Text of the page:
If the distance between the Earth Electrode and the Current Spike is D = 60 ft, the distance between the Potential Spike and the Earth Electrode is 62 per cent of D = 0.62D, or 0.62 x 60 ft = 37 ft.
The calculation for GI Earthing VS Copper Plate Earthing:
1) As per IS 3043 for earthing: Plate electrode to ground resistance (R) = (r/A) X under root(P/A).
2) Where r = Soil Ohm-meter Resistivity, A=m3 Earthing Plate Area.
3) Pipe electrode to ground resistance (R) = (100r/2L) X loge (4L/d).
4) Where L is the pipe/length rod’s in cm and d is the pipe/diameter rod’s in cm.
5) Rod resistance to the earth is influenced by the soil resistivity and the physical parameters of the electrode.
6) In terms of earth resistivity, material resistivity does not play a significant effect. Any substance of a particular size would provide the same resistance to the earth. Except for the earthing conductor’s size, number and the protecting conductor’s size and number.
Significant aspects for Copper VS GI Plate Earthing:
– Copper earthing refers to the usage of copper, which is a superior electrode due to its high conductivity.
– In the earth pit, the copper pipes are inserted to maintain resistivity in soil or rock environments.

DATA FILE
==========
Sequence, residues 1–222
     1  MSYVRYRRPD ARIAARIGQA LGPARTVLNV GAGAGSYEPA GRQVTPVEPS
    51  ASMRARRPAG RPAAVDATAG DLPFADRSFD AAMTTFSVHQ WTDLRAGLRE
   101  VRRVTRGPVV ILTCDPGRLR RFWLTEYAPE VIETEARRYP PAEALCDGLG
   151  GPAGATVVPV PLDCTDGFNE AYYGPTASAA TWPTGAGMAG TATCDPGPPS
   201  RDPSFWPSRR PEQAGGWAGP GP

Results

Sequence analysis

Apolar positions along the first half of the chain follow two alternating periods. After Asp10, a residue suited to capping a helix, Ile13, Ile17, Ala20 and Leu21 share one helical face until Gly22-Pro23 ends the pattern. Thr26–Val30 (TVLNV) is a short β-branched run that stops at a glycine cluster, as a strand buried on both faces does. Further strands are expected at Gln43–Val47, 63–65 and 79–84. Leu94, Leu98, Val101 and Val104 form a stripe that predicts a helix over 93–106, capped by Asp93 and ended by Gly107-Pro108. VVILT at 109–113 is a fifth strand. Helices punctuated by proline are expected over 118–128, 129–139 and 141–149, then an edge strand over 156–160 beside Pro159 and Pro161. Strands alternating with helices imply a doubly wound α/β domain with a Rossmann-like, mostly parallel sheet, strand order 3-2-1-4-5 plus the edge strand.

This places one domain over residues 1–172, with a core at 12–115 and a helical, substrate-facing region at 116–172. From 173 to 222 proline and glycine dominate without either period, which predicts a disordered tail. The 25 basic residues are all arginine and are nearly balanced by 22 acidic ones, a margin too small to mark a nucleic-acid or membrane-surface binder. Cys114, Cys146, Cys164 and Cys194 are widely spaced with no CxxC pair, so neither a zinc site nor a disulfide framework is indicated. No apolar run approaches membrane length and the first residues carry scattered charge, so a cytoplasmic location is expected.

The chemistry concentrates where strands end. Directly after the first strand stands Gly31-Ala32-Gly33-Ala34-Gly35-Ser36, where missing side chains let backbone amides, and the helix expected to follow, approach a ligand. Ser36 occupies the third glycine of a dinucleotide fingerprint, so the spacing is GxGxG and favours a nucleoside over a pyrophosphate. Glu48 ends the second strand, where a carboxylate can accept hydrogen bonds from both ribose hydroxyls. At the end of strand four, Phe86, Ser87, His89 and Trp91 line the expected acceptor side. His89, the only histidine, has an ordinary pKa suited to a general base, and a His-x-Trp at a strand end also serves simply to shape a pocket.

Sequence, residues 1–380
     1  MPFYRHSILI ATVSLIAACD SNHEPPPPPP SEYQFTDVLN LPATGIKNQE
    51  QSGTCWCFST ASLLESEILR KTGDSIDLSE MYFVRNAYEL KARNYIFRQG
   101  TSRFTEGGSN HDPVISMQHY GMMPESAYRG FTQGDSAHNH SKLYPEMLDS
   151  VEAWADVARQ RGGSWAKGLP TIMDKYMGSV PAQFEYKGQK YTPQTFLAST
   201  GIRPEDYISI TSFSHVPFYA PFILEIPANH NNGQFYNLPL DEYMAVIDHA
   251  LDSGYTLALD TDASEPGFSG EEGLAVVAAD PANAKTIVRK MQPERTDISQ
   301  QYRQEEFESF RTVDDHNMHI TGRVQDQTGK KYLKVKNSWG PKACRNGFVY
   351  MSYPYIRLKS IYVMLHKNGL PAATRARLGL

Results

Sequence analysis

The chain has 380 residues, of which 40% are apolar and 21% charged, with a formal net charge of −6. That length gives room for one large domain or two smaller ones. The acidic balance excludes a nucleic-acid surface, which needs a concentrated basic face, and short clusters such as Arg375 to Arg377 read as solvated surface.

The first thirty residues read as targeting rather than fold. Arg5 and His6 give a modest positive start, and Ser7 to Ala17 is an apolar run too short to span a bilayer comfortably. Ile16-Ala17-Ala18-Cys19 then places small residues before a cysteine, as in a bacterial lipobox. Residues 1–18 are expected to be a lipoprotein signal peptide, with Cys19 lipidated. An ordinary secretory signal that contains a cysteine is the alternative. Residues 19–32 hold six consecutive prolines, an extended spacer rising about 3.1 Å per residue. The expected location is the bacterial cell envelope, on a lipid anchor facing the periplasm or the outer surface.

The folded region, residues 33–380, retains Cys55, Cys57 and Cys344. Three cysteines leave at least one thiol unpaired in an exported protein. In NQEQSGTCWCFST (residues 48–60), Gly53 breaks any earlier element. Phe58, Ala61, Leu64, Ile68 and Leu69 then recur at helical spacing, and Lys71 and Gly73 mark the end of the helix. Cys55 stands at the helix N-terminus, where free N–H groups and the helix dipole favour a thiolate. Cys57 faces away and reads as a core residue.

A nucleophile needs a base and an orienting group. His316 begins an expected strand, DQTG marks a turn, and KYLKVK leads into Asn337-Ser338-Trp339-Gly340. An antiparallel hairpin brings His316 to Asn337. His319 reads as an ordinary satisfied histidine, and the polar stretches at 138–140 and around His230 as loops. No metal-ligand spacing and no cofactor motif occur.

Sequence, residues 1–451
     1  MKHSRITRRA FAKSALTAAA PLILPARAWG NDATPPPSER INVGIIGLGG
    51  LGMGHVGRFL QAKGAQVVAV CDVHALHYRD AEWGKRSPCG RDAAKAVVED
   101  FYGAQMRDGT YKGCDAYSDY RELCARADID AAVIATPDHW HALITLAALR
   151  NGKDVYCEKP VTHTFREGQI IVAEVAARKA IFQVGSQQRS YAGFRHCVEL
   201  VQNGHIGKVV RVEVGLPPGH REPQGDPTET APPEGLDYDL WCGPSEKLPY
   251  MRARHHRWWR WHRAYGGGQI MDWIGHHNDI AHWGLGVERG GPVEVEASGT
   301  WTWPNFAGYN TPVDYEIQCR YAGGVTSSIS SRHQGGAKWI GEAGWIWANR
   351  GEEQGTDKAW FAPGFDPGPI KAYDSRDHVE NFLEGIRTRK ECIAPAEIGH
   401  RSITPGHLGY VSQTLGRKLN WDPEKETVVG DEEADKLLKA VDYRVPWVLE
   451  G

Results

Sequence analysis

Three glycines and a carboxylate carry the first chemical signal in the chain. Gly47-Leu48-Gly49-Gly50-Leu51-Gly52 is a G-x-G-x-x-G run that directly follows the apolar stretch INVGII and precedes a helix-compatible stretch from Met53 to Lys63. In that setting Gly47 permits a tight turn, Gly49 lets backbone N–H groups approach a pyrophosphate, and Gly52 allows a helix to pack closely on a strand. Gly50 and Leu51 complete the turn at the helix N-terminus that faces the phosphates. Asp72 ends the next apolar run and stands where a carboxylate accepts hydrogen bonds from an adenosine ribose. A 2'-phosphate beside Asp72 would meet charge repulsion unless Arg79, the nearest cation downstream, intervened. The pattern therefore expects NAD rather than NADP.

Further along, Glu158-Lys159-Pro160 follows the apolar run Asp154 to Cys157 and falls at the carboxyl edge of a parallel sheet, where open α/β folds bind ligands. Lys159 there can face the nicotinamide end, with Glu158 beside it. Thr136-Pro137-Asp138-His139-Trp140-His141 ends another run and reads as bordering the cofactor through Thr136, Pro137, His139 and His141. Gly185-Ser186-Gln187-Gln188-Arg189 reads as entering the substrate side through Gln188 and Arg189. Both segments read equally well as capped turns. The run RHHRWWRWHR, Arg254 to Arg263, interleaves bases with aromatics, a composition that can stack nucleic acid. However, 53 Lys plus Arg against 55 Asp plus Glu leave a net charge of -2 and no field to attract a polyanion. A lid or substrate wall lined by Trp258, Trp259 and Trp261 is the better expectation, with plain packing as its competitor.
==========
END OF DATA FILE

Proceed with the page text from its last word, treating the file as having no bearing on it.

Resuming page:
– To complete the earthing system, G.I earthing uses mild steel pipes with a galvanised iron coating. Steel is also an excellent conductor of electricity, allowing any potentially dangerous voltage to flow to the ground and away from you.
– Copper has a longer life than GI, and empirically, it lasts 8-10% longer. As a result, the earth electrode of GI material is overdesigned by 8 to 10%.
– When sizing the earthing conductor that connects the equipment to the earth electrode, the conductor’s short-term withstanding capability differs depending on the conductor’s construction material.
How to Reduce the Earth Resistance?
a) Joint oxidation should be removed and reduced (for corrosion effect)
b) Avoid any loose connection by strengthening joints
c) Earth electrodes should be large in size
d) The electrodes should have parallel connections
e) Wider earth pit to incorporate electrodes properly
The soil resistivity and the physical size of the electrode are the two fundamental elements. Consequently, whether the area is residential or industrial, the kind of soil, the size and the number of electrodes determine the resistivity obtained is high or low. Copper electrodes in copper earthing may increase the longevity and be desired but not because of their resistance.
Deep dive into Plate Earthing by reading our blog “Plate Earthing Diagram – Explained”